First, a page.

“Go to now, ye rich men, weep and howl for your miseries that shall come upon you. Your riches are corrupted, and your garments are moth-eaten. Your gold and silver is cankered; and the rust of them shall be a witness against you, and shall eat your flesh as it were fire. Ye have heaped treasure together for the last days. Behold, the hire of the labourers who have reaped down your fields, which is of you kept back by fraud, crieth: and the cries of them which have reaped are entered into the ears of the Lord of Sabbath. Ye have lived in pleasure on the earth, and been wanton; ye have nourished your hearts, as in a day of slaughter. Ye have condemned and killed the just; and he doth not resist you.” James 5:1-6
As Honore de Balzac said: “Behind every great fortune lies a great crime”.
It’s not the first time scripture inveighed against the rich. In fact God birthed the whole Abrahamic project as a protest against all manners of injustices.Genesis 18:18-19 Elijah,1 Kings 21:17-21 JeremiahJeremiah 22:15-19 and Amos,Amos 5:11-24 were three of the prophets who cried against oppression, injustice and the exploitation of the poor.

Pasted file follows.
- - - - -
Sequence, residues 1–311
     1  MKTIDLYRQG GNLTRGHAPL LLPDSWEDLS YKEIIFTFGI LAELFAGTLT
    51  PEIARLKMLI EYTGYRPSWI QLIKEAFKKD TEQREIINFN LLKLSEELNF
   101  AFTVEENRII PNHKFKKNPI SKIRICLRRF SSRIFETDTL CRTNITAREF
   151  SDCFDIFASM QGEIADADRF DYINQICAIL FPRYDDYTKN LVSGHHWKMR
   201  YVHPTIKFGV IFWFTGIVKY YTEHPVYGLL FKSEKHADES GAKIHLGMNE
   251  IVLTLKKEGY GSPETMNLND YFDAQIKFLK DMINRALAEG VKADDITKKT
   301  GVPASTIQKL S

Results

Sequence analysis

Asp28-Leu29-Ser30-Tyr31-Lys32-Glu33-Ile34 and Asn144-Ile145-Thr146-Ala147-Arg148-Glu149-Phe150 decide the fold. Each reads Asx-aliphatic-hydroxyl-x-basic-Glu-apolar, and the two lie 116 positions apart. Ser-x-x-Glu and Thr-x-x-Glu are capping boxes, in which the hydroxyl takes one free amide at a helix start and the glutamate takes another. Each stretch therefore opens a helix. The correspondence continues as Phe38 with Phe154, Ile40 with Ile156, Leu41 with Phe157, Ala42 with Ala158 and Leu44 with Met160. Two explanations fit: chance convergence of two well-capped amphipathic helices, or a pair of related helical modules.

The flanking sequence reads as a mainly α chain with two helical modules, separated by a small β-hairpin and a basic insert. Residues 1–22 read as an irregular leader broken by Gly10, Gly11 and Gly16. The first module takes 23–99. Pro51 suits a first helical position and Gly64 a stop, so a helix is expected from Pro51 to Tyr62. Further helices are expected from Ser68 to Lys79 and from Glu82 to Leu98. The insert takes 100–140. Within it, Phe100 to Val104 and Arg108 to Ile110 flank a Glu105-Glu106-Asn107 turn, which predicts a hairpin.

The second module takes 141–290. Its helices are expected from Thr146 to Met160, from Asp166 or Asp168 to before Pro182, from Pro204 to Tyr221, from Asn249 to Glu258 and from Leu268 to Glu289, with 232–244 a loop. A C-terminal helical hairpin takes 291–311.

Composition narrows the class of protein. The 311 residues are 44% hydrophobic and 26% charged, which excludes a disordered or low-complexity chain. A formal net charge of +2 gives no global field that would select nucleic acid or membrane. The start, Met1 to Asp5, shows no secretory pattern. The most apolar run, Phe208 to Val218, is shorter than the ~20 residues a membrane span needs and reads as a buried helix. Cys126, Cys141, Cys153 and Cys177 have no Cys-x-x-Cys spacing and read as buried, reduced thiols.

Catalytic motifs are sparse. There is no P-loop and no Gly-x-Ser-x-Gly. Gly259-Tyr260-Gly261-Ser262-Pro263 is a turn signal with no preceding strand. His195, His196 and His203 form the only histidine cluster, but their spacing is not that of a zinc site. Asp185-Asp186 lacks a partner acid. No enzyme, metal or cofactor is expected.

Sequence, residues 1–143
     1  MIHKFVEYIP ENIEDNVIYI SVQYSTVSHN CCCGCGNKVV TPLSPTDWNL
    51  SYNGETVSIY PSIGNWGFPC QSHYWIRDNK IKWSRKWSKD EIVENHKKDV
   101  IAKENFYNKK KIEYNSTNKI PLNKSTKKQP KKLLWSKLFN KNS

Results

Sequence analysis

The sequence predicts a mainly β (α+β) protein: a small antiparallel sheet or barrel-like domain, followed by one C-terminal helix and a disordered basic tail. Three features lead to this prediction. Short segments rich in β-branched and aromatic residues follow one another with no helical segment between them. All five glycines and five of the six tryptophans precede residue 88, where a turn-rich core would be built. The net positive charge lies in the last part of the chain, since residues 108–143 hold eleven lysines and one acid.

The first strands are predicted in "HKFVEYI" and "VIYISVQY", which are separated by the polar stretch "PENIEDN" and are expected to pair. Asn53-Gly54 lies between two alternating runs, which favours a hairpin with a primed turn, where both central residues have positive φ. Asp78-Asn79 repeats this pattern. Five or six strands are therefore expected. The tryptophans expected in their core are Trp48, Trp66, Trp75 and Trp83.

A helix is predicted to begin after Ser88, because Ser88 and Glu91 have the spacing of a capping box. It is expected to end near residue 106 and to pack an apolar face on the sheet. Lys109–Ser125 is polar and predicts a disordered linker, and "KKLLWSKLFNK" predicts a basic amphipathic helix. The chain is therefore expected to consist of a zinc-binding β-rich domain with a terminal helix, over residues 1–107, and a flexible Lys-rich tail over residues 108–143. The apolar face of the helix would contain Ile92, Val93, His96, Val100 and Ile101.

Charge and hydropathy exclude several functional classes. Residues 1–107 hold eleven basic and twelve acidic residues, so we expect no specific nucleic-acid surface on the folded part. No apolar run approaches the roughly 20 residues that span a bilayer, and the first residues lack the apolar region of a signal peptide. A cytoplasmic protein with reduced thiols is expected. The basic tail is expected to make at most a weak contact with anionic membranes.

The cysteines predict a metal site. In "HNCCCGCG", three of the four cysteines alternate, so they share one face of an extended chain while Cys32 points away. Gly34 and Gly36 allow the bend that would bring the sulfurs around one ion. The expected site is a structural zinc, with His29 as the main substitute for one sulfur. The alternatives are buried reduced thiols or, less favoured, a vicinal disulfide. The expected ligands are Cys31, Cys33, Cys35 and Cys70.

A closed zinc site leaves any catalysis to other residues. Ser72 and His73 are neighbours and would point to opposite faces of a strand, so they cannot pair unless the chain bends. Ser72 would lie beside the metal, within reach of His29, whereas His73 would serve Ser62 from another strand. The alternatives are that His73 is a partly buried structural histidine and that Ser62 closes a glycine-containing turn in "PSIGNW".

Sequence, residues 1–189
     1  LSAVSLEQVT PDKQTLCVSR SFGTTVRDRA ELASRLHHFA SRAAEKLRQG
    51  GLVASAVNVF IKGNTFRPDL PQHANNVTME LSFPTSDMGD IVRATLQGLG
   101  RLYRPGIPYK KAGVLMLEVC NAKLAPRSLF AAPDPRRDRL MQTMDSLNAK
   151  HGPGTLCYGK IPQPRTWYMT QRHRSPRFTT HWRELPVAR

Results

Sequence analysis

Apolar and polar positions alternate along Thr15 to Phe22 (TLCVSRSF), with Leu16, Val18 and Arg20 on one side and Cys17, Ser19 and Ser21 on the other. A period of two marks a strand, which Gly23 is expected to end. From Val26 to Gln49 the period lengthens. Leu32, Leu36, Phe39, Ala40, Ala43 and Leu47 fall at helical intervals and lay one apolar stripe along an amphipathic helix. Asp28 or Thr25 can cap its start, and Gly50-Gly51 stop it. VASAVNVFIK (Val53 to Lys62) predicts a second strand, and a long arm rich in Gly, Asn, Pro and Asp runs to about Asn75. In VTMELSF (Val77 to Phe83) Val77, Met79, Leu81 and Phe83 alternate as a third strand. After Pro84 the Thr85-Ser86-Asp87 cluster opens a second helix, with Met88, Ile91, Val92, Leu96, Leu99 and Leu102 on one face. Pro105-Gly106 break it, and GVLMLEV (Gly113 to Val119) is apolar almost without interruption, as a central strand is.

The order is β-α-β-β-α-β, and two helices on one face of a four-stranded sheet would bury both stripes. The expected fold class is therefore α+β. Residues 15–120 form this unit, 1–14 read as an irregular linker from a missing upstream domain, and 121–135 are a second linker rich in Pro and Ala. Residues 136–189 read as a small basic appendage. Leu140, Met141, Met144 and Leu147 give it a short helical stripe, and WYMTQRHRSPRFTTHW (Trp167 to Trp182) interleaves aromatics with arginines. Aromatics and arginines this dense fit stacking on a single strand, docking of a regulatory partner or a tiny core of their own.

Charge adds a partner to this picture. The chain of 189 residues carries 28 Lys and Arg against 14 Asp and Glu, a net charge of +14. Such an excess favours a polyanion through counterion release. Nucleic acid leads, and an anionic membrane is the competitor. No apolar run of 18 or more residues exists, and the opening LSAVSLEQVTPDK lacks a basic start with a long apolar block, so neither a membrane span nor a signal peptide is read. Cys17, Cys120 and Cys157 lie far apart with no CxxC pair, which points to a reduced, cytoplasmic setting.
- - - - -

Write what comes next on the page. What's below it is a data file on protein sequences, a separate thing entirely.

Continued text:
The rich young ruler and most with great possessions tend to put their trust in their wealth instead of God.
Therefore at one level it’s possible that what the Lord requested of the rich young ruler was to rid himself of the gains of sin; to make restitution to those off whose back he probably amassed his wealth. Zacchaeus the publican knew enough to commit to doing something similar because he did not need to be told that there could be no heaven without repentance.Luke 19:2-9 Unlike Zacchaeus, the rich young ruler chose to keep his wealth.
At a deeper and personal level, poor and dispossessed Jews under Roman rule formed the core of Jesus’ followers. They were called the Ebionites, often referred to in the Bible as “the poor.” References to “the poor” in the gospels and epistles were directed at Jesus’ immediate constituency.Romans 15:26
Before the gentile converts to Christianity wrote them out of the Bible, care for them and their welfare was central to church policy. Redistribution of wealth within the fledgling Jesus community was a pillar of faith. It wasn’t a question of ‘works’ versus ‘faith’ polemics or any of the other dogmas that have upended that which Jesus committed to his disciples. Rather, it is more a question of where and how to commune with Jesus.
In Matthew 25:31-46 Jesus gave a revelation to all who seek a communion with him. Jesus would not be hanging about in cathedrals. He would not be spending time soaking up adulation in great assemblies. He would not be jetting about with signs-and-wonder-working ‘anointed’ men and women of God. He said he would be found in the ailing, the homeless, the imprisoned, the destitute, the deprived, the dispossessed, the castaway, the hungry, the naked, and in any and all that are side-lined to the fringes of societies.